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The other week I had the chance to be assisting during a Q Graders course, not for Arabica, but for Robusta coffee. The Q coffee system measures and standardises quality for Specialty grade Arabica and for Fine Robusta coffees.  The Robusta programme designed from the Specialty Coffee Association of America (SCAA) and the Uganda Coffee Development Authority (UCDA) exists from 2010 and by far there are around 185 Robusta graders around the world. The course was held at Bernhard Rothfos Intercafé in Zug Switzerland with instructor Clare Rwakatogoro. It was the first Q Robusta course held in Europe, needless to say – extremely interesting. Read More

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In July I posted something about Coffee Expectations and introducing specialty coffee to the average coffee drinker. Back then I already mentioned Tracy Ging, since she presents results of series of studies regarding coffee drinkers. Now I’m going to mention her again, because I have a few thoughts on the video above, which is from this year’s  Symposium of the SCAA. Ms Ging continues to dig deep into customers’ behavior and purchasing motivators. In this video she continues talking about the same study and about the next phase that they are in at the moment. I am going to summarize some of the study’s findings and add some comments.

Maybe nobody will be surprised when I say that very little people know what specialty coffee is. But we knew this already…what we didn’t know (or at least wasn’t academically proven by now) is that younger people are the ones who are shaping the coffee industry. Drinkers below 35 are more likely to drink coffee away from home, they are having higher quality expectations and are gaining far more exposure compared to the older segment of drinkers. Exposure. The younger ones are going out more frequently, try different brands, different cafés, different coffee beverages. And for them the definition of coffee is not just brewed coffee but it is also the espresso based beverages – hot, iced, frozen and so on. Coffee is being treated as a cocktail. Technically speaking it is incorrect to consider espresso based beverages as coffee, but adding ingredients to the brew such as milk, sugar or even water has been a regular practice since ages so it is a bit pointless to change history.  Another shocking discovery would be that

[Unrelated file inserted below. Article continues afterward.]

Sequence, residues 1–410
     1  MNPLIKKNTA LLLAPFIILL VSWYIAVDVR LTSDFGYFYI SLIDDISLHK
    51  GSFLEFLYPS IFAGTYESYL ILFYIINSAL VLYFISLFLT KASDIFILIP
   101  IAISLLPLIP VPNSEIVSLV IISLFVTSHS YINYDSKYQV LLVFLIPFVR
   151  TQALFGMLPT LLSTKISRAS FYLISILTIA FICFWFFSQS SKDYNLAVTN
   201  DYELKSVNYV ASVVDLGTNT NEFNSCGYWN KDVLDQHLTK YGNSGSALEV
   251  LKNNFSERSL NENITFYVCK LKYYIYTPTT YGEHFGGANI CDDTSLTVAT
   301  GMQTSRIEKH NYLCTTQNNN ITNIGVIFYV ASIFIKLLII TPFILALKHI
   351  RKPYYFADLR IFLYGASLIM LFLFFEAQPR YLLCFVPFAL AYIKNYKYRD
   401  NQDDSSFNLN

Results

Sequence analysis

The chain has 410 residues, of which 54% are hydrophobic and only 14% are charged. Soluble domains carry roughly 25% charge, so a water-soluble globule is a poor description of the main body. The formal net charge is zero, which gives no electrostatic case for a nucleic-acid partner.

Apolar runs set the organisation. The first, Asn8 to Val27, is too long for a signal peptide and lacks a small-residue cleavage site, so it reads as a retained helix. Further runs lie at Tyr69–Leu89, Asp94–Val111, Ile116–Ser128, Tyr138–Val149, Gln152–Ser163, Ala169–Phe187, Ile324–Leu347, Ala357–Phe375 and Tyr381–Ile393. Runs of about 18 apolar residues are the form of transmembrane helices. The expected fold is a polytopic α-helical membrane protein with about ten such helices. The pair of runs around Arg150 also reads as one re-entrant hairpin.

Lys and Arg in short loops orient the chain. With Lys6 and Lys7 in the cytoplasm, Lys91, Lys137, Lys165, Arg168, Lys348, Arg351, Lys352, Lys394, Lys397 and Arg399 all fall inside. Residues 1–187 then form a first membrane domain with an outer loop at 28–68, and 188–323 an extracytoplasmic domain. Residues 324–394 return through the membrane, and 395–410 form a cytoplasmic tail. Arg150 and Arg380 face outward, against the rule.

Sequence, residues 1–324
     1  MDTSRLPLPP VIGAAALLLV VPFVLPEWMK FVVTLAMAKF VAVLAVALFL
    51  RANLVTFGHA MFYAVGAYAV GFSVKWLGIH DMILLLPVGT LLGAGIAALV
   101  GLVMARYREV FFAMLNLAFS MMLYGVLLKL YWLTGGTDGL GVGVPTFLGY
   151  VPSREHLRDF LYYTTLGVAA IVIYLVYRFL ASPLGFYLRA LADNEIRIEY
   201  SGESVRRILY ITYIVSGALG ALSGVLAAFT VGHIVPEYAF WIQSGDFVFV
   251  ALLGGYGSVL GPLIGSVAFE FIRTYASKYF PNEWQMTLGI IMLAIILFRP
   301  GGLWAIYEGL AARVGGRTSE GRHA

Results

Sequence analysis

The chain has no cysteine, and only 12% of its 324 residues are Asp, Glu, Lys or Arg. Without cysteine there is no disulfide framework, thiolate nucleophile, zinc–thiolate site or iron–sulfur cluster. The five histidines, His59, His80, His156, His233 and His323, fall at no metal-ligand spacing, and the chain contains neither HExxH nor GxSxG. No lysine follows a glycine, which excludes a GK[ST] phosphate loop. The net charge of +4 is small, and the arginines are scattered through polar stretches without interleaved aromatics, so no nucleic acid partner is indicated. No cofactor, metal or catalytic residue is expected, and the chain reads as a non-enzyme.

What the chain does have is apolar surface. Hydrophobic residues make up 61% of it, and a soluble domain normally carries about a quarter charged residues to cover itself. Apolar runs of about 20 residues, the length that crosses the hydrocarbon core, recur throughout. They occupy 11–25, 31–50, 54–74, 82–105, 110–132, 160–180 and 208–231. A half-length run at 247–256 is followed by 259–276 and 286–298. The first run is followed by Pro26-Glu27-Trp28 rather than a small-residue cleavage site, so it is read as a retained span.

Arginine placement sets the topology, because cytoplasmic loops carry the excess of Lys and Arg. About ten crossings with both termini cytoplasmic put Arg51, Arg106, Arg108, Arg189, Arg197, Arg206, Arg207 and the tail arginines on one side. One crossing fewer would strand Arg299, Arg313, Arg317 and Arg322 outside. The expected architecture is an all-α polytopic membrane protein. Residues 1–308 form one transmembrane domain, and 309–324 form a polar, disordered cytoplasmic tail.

coffee quality overall seems less and less defined by the coffee quality itself

Yes. It’s more about what goes in the beverage, “the build” not “the bean”.  Price doesn’t matter so much but the bean type or its origin are not of that importance also. I don’t want to agree here, but who am I to talk when I’m not in neither one of the two categories, nor I am in the US where the study has been conducted.

I’m getting tired…the whole topic of specialty coffee is such a game of words. Watch the video and tell me what you thing about it…